Of course, the animals you see on whale watching tours aren't being asked to do anything for shows, presentations, or interactions.  They are doing what they do on their own time.  But without human influence?  No way.  The 12 humpback whales I saw both times I went out were surrounded by four or five big ships, packed with people who paid their $50 to see them.  Is someone "making them jump?", of course not.  But that isn't to say that the presence of four or five loud boats zooming over and around them doesn't change the whales' behavior.  And let me be honest, there are more whale-watching boats I've been on that do NOT strictly adhere to the MMPA than do.   Case in point, I live in the mecca for marine mammal harassment in the Florida panhandle.  It's easy for a jetski rental company to tell their clients, "Yeah, see the dolphins in the WILD, because they are sad when they're in an aquarium!" and then the jetskiers spend all day chasing down pods of wild dolphins in an area that has virtually no police enforcement of the MMPA laws.

Lastly, what is the "message" we send to people when we encourage them to go whale watching instead of seeing marine mammals in marine parks?  See, I would tell people to do both.  There are pros and cons to each one.  But I can make an argument that is logical: letting people get close to wild whales and dolphins teaches them that it's okay to approach them that closely, because they're wild so it's not like we're "forcing" them to do anything.  We all know how obnoxious that statement is; I know the value of education and yes, while it'd be much better for the whales to have humans stay away and let them live in peace, I know that that's not the world we live in right now.  The point is, both sides of this argument have a lot to answer to, but they also have a lot of great things to contribute in their own ways.

Let me end with a naive question:  Why can't both sides of this issue get along?  Why do we have to sling soundbytes we hear in a "documentary" or read in some seriously slanted article at each other and at the general public in order to persuade them to join "our side"?  A little independent research and thoughtful conversation with people of differing views but lots of knowledge go a long way in accomplishing big picture goals...not completely changing opinions.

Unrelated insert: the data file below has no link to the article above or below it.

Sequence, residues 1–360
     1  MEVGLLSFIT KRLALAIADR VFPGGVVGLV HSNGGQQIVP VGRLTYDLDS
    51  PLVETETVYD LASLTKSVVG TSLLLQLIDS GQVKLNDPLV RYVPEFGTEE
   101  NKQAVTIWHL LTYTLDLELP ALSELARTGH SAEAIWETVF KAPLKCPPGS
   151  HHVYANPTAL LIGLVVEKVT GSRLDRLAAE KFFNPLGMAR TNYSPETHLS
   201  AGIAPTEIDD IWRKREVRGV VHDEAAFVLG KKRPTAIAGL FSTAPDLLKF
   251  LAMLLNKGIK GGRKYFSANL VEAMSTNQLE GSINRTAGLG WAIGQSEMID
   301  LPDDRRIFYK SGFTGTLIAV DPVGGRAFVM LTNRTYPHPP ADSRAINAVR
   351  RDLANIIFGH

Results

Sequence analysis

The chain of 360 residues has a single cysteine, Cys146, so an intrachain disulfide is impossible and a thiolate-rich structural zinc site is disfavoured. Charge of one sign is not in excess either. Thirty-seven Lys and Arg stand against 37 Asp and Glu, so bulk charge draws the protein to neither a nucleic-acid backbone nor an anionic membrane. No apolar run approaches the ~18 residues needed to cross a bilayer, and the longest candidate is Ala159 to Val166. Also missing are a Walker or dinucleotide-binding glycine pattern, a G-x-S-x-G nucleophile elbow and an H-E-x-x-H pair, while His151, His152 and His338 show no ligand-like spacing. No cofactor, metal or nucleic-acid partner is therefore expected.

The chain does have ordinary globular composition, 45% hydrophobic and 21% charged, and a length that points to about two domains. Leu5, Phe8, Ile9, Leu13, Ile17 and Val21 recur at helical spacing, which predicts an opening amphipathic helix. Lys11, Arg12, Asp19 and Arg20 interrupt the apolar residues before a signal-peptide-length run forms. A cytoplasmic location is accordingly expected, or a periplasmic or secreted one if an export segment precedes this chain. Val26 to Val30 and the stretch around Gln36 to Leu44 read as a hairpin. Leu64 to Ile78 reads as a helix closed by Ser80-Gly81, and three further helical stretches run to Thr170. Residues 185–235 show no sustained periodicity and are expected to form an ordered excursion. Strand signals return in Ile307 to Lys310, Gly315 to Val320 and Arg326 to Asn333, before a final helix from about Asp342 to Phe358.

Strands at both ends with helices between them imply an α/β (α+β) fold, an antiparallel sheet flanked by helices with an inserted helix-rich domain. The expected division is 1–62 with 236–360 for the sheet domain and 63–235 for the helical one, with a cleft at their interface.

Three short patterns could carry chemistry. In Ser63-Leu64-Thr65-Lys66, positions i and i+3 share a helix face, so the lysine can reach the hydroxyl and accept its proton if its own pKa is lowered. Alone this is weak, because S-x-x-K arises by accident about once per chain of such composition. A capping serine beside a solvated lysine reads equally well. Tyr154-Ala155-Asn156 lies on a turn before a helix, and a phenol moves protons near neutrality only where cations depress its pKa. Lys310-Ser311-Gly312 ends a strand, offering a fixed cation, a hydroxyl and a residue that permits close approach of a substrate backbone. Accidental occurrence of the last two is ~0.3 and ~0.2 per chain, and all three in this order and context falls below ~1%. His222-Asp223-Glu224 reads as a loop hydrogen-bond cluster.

I didn't end up talking to the naturalist about the things he'd said that were just so factually incorrect (he could just like, youtube footage on Tillikum at SeaWorld to know that his impression of where he lives is completely false).  I guess at the time I figured, this guy really has an agenda.  There is no way I'm going to get through to him without this becoming a defensive thing.  Maybe some of you out there think that wasn't the right decision; I'm still not sure.  But we can all of us, no matter what "side" we are on, continue to do our part to stick to the facts, play nice, and give all of our passion where it belongs: to the animals.


  1. Great read. It's so true that there seems to be only black and white in this type of issue. I personally am somewhere in the middle very grey area. I think both sides can have their cake and eat it too, if all things are done with the animals in mind.

  2. Good read. I agree, I probably wouldn't have said anything either, though it's so hard not to correct people's assumptions with what you know to be true. But this guy wouldn't have changed his mind if you had pulled up the video yourself and showed it to him right there. I do wish people would concern themselves with the actual welfare of the animals though, instead of just making sure their opinion is the loudest.

  3. I work for SeaWorld and had an IDENTICAL experience 2 weeks ago in Monterey. Same conversation transitions and everything. Likely the same gentleman/company/boat. So frustrating that two entities with the same end goal can't seem to function harmoniously. It was so hard to hear him say those things. He was also a volunteer at the aquarium which is a known partner of ours. I felt so betrayed by someone that I think feels the same about the earth and animals that I do.